Calida warns NTC vs granting provisional authority to ABS-CBN
MANILA, Philippines — The Philippine government’s top lawyer on Sunday warned the National Telecommunications Commission (NTC) against granting ABS-CBN provisional authority to operate while the approval of its franchise is pending in Congress.
Solicitor General Jose Calida’s statement opposing the granting of provisional authority to the country’s biggest media network comes as the country marks World Press Freedom Day.
According to the solicitor general, the NTC commissioners could risk subjecting themselves to prosecution under the country’s anti-graft and corruption laws should they issue the “unlawful” PAs to ABS-CBN in the absence of a franchise.
The media giant’s franchise is set to expire on May 4, the same day Congress resumes its regular session.
Congress went on a two month break early March without passing a law extending the franchise of ABS-CBN for another 25 years.
During a later hearing of the House legislative franchise committee in March, NTC Commissioner Gamaliel Cordoba said the NTC will issue a provisional authority to ABS-CBN allowing it to operate pending its application.
Cordoba told the House panel that this decision was based on an opinion of the Department of Justice (DOJ) allowing ABS-CBN to operate based on equity considerations.
The Senate adopted a similar resolution urging the NTC to grant ABS-CBN provisional authority to continue its operations as its franchise approval remains pending.
However, Calida stressed that the Constitution gives Congress “the exclusive power to grant franchises to public utilities, such as broadcasting companies, in order to operate in the country.”
Citing a 2014 Supreme Court decision, the solicitor general said an entity must first secure a franchise from Congress.
After it is granted one, it should then apply for a Certificate of Public Convenience (CPC) from the NTC before it can operate.
Pending approval of its CPC, however, it can apply for a provisional authority (PA) so it can start operating during the interim, he said.
“Hence, a PA should only be issued once a congressional franchise has been granted and an application for CPC is pending before the NTC for approval,” Calida said. “The NTC cannot issue a PA when the broadcast company has no valid and existing legislative franchise.”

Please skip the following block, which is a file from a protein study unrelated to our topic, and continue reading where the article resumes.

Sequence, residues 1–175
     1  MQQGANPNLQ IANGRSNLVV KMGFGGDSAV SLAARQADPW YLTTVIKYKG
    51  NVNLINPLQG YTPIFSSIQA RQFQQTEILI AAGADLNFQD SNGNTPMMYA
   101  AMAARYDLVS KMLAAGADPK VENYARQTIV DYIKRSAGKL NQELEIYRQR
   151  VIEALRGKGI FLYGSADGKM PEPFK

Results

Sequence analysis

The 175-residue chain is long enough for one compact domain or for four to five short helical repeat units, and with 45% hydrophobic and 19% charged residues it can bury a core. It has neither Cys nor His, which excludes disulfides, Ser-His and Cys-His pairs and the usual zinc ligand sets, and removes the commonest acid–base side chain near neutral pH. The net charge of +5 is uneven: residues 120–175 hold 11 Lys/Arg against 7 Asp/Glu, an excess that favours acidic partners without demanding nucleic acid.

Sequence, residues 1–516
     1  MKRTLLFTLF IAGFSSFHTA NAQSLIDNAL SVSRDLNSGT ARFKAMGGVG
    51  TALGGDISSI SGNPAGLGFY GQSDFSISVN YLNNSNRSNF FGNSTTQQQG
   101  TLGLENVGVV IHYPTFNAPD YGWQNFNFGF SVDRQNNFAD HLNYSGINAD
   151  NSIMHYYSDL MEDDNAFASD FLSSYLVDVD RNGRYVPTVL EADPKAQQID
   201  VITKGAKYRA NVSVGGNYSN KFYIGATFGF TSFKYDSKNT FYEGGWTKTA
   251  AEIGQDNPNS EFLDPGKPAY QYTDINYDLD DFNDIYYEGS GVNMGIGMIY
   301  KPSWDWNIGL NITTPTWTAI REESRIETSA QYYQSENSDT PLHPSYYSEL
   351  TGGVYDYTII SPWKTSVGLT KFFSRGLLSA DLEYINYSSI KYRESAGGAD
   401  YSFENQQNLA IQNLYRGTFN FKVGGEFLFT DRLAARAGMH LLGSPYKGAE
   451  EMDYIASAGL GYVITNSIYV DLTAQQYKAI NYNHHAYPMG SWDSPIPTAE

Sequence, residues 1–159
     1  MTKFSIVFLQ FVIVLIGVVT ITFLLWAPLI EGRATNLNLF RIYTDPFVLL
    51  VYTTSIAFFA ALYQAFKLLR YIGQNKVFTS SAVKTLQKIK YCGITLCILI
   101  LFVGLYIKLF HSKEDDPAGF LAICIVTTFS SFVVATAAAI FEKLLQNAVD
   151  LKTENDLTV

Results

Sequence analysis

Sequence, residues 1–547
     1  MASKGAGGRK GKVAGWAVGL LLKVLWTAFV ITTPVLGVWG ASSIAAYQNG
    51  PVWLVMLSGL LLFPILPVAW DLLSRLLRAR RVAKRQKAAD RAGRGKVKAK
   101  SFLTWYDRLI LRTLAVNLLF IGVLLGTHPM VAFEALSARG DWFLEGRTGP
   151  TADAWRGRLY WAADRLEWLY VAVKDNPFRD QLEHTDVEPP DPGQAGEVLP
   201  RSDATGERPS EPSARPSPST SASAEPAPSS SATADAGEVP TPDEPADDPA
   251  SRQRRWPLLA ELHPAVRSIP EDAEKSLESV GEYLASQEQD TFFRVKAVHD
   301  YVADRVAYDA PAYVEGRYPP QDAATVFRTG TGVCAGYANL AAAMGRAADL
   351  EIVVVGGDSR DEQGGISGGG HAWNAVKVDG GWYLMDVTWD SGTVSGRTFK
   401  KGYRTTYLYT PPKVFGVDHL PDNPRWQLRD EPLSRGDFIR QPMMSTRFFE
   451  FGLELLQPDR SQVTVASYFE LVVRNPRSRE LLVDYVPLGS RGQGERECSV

“No less than the Constitution requires a prior franchise from Congress. Hence, when there is no renewal, the franchise expires by operation of law. The franchise ceases to exist and the entity can no longer continue its operations as a public utility,” he added.
Pursuant to applicable laws, Supreme Court rulings as well as its own rules, Calida said the NTC can only issue a cease and desist order and/or a recall order against a broadcasting entity in the absence of a congressional franchise.
The solicitor general further said the NTC could not rely on the letter of the House leadership as well as the Senate resolution which both urged the commission to grant a provisional authority to ABS-CBN.
“These issuances cannot amend the current law requiring a congressional franchise for the operation of broadcasting networks. Not being separate laws themselves, they cannot amend or repeal prior laws,” Calida said.
He added that the NTC could not use the opinion of the justice department as legal basis to grant ABS-CBN provisional authority, saying a 2003 ruling by the Supreme Court held invalid a 1991 DOJ opinion which stated that the NTC may issue a permit or authorization without a legislative franchise.
Calida then reminded the NTC that “contrary to the DOJ opinion, equity considerations do not justify granting PAs to ABS-CBN and its affiliates considering the clear mandate of the Constitution, laws, and decisions of the Supreme Court on the matter.”
“Equity is only available when there is no law on a particular matter. Where the law is clear, as in this case, it must be obeyed,” he said.
On February 11, Calida sought the revocation of ABS-CBN’s franchise over alleged violations through a quo warranto petition filed before the Supreme Court
Calida, in his petition, claimed that ABS-CBN violated the constitution when it issued Philippine Depositary Receipts (PDRs) through ABS-CBN Holdings Corporation to foreigners.
He also accused the network of “broadcasting for a fee” when it operated a pay-per-view channel (KBO Channel) in its ABS-CBN TV Plus cable product without approval or permit from the National Telecommunications Commission.
ABS-CBN has since maintained that it did not violate any law governing its franchise and that it had secured all necessary approvals for its business operations.
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